Cambridge University Hospitals Foundation Trust’s recently departed chief executive has warned he ‘does not know how the trust will cope’ this winter and that its problems could take years to address.

  • Cambridge’s recovery could take “two or three or more years”, says former chief executive
  • Keith McNeil says “relentless focus” on addressing its own problems means it cannot focus on “strategic aims” such as hospital chains
  • He calls the commissioner fining system “ludicrous” and a block on collaborative working
  • Questions the NHS leadership’s desire to have clinicians in senior positions

Keith McNeil, who stepped down last week ahead of the trust being placed in special measures, said he accepted the trust had significant problems but rejected the Care Quality Commission’s “inadequate” rating, calling it “galling”. He said “requires improvement” would have been a fair rating.

Dr McNeil told HSJ the trust was currently in a “critical internal incident”, meaning bed occupancy was dangerously high “at least for [my] last week”. He added: “And this is at the end of summer. I just don’t know how they are going to cope over winter. [The trust is not] going to get any more nurses anytime soon, so I don’t quite know what the system is going to do.”

Keith McNeil

The CQC rating of the FT was ‘galling’, Keith McNeil said

His comments follow Monitor placing the prestigious teaching trust in special measures and stating it had lost control of its finances earlier this week.

Monitor’s decision followed the CQC rating the trust “inadequate”. It cited “serious problems” posing a risk to patient safety, and a “disconnect” between senior managers and frontline staff. The inspectors’ report said the trust had lost its grip on a raft on operational targets.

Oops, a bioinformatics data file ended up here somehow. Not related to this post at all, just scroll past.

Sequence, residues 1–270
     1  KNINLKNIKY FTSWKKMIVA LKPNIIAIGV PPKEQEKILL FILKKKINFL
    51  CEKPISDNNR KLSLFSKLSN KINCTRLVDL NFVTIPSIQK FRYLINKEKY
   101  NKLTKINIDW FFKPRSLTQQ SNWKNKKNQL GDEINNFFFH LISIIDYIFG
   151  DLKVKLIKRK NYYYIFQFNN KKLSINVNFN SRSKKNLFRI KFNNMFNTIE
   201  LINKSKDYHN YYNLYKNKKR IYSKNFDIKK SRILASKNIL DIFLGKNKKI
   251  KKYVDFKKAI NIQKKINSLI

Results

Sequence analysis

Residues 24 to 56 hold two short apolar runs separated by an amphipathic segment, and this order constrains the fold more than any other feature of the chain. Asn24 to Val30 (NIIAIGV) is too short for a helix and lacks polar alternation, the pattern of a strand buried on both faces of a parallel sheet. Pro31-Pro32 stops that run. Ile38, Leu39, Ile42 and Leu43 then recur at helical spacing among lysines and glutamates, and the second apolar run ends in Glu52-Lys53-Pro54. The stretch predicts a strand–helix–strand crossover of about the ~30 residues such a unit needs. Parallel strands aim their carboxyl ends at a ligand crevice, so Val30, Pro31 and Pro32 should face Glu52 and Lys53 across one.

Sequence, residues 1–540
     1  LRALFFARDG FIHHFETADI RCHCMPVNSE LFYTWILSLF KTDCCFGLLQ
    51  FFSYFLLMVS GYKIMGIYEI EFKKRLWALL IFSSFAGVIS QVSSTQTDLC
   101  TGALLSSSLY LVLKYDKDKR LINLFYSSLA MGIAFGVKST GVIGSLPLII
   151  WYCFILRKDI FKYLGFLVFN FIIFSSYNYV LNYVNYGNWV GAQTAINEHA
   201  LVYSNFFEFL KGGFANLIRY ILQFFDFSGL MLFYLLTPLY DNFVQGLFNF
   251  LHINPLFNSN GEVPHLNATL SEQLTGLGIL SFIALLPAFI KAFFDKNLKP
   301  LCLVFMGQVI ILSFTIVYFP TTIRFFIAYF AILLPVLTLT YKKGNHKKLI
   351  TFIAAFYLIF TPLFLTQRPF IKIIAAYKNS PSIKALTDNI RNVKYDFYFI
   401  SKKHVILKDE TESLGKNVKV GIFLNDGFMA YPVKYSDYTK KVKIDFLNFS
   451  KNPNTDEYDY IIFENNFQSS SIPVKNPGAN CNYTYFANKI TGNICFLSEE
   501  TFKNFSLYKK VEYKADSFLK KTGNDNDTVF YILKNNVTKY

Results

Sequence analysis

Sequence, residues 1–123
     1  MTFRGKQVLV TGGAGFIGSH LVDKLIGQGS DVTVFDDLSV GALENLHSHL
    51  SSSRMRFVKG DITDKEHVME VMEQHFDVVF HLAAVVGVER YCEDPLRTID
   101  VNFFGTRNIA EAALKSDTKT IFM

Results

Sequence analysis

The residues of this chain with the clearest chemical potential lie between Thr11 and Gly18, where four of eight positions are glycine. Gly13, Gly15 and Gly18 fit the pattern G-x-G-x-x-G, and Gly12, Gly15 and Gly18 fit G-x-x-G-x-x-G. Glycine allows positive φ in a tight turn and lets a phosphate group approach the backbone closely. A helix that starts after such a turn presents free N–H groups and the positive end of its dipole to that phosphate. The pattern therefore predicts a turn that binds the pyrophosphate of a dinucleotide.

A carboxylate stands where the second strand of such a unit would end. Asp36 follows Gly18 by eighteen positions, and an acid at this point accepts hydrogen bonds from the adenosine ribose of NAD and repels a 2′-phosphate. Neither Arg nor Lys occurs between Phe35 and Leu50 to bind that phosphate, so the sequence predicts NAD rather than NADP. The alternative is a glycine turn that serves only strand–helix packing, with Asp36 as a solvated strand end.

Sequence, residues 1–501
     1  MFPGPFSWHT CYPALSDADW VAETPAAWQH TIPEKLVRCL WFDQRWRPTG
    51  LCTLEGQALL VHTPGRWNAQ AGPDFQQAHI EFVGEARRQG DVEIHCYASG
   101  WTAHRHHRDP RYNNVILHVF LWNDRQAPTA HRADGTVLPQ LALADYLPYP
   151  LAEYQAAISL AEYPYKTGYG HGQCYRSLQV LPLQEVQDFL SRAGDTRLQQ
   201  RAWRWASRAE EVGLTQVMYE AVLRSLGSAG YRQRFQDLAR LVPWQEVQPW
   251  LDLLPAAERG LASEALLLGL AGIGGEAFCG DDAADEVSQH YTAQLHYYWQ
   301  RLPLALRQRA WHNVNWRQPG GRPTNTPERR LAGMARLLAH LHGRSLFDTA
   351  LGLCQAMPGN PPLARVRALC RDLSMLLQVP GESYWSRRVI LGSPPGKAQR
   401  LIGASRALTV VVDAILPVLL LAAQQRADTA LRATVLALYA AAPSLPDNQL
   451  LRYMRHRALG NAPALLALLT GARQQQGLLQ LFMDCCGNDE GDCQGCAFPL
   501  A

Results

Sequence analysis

Dr McNeil outlined in an interview with HSJ the implications of the trust’s problems for key NHS priorities such as setting up hospital chains and clinical leadership.  

Addenbrooke’s was like the “canary in the cage down the mine”, he said, and its issues were symptomatic of wider system problems, which were not being addressed quickly enough.

The trust would need a “relentless focus” on addressing its own problems, Dr McNeil said. This would stall it from participating in “pivotal” national projects, such as forming hospital chains as set out in the government commissioned Dalton review.

Dr McNeil continued: “It’s going to be very hard for the trust to think about positioning itself strategically now. It’s about recovery. That will take about two or three or more years in the current financial climate.

“It’s pivotal that the hospital is able to [progress projects like hospital chains] but… a relentless focus on improving things internally will inevitably mean less focus on trying to get the system piece together and working.”

The former chief executive said the system under which commissioners fine providers for missing targets, forcing hospitals to get government bailouts, was “ludicrous” and that it blocked collaborative working between NHS organisations.

He said: “[NHS leaders] are talking a lot. We have lots of plans, lots of vangards, but what are we actually doing to change the way we provide care to patients fundamentally at a whole of system level?”

He described the CQC’s decision to rate the trust as “inadequate” as “galling”. He said: “[Cambridge] gets outstanding results. We have one of the best safety records in the country and we get rated ‘inadequate’. How does that work?”

Dr McNeil also warned his depature would be a blow for NHS clinical leadership. “I’m really concerned that my departure is going to raise issues about clinical leadership and getting senior clinicians to put their hands up to do jobs like mine or any senior leadership roles. Maybe that’s what people want despite all the rhetoric. It’s going to send a bit of ripple through the system.

“The majority of the consultants at Addenbrooke’s don’t want me to go. How is the clinical leadership agenda going to be taken forward when situations like this arise?”

Asked whether he would consider a role in the NHS in future, Dr McNeil said that “if the right position came along I would be more than happy to take a look at it”. He said: “I love the NHS. It’s a great organisation. I’d defend it to the hilt; I just wish people would allow it to be as good as it can be.”

Addenbrooke's recovery could take 'years', warns McNeil